Date on Honors Thesis

Spring 5-2021


Biomedical Sciences


Chemistry, Psychology

Examining Committee Member

Dr. Gary ZeRuth, Advisor

Examining Committee Member

Dr. Laura Sullivan-Beckers, Committee Member

Examining Committee Member

Dr. Chris Trzepacz, Committee Member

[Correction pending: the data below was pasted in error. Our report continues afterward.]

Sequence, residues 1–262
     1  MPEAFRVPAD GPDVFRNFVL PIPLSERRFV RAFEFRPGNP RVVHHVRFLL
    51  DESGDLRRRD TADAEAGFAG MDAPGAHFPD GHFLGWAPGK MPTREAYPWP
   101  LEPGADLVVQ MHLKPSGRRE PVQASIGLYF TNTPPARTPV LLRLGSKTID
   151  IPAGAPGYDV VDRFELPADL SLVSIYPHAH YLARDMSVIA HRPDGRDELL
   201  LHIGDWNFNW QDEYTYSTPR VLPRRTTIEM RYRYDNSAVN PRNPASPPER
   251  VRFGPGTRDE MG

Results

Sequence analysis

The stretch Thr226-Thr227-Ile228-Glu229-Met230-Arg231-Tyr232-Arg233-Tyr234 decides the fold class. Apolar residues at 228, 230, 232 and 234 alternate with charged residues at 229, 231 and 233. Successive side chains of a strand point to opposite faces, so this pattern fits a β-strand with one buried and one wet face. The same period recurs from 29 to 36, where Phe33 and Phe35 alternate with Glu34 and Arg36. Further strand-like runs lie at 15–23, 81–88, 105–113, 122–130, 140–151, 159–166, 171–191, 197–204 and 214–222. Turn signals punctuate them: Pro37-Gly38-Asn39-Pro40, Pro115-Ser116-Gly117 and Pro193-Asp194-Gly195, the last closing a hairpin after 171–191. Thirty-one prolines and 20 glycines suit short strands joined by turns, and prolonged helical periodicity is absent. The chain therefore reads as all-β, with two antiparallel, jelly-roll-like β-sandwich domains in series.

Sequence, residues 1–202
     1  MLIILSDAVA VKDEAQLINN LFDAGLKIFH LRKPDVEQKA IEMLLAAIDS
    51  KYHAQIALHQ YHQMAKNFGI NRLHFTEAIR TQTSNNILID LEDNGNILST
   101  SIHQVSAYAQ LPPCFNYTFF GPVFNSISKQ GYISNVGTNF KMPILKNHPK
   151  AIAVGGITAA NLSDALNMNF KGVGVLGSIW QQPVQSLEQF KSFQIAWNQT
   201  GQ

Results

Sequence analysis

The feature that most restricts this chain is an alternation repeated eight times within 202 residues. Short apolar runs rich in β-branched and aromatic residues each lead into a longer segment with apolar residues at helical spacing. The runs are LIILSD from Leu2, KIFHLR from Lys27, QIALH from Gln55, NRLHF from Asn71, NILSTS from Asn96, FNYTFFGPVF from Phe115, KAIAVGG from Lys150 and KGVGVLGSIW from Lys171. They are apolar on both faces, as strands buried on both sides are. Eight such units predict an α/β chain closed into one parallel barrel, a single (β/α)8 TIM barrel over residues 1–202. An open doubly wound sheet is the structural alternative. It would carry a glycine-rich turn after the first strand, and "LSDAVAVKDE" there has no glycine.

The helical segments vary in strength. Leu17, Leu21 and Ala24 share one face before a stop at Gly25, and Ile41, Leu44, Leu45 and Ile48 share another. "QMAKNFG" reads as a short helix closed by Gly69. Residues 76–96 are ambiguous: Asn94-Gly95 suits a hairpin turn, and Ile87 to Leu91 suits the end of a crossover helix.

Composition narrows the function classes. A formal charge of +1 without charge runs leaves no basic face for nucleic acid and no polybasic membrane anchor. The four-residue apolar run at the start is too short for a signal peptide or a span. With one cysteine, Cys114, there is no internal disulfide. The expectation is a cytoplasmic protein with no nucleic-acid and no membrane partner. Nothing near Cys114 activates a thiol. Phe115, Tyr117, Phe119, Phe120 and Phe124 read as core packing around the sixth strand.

The prevalence of type 2 diabetes continues to rise nationally and internationally, impacting millions of people worldwide. Type 2 diabetes results from insulin resistance leading to chronic hyperinsulinemia and dysfunction of the insulin producing β cells of the pancreas. While environmental factors can influence the development of type 2 diabetes, research has shown genetics are also involved. Gli-similar 3 (Glis3), a Krüppel-like zinc finger transcription factor, has been identified as a novel regulator of insulin transcription. Evidence has shown that loss-of-function Glis3 mutations decrease insulin expression, implicating Glis3 in the development of type 2 diabetes. However, the distinct role Glis3 plays in the development of type 2 diabetes remains unclear. To better understand the role of Glis3 in pancreatic β cells, we utilized the CRISPR/Cas9 system to target Glis3 for cleavage, knocking down Glis3 in the rat β cell line, INS1 832/13. Decreased Glis3 expression in rat β cells maintained under chronically elevated glucose conditions exacerbated β cell dysfunction, supporting the hypothesis that decreased Glis3 expression promotes the development of diabetes. We then applied the CRISPR/Cas9 system to knockout Glis3 in zebrafish to better understand its role in pancreatic development, β cell dysfunction, and the development of type 2 diabetes in vivo. The CRISPR/Cas9 knockout has been designed and microinjected into zebrafish, and we are currently completing the genotyping process. Taken together, the in vitro and in vivo CRISPR findings will better characterize the role of Glis3 in insulin regulation, β cell dysfunction, and the development of type 2 diabetes.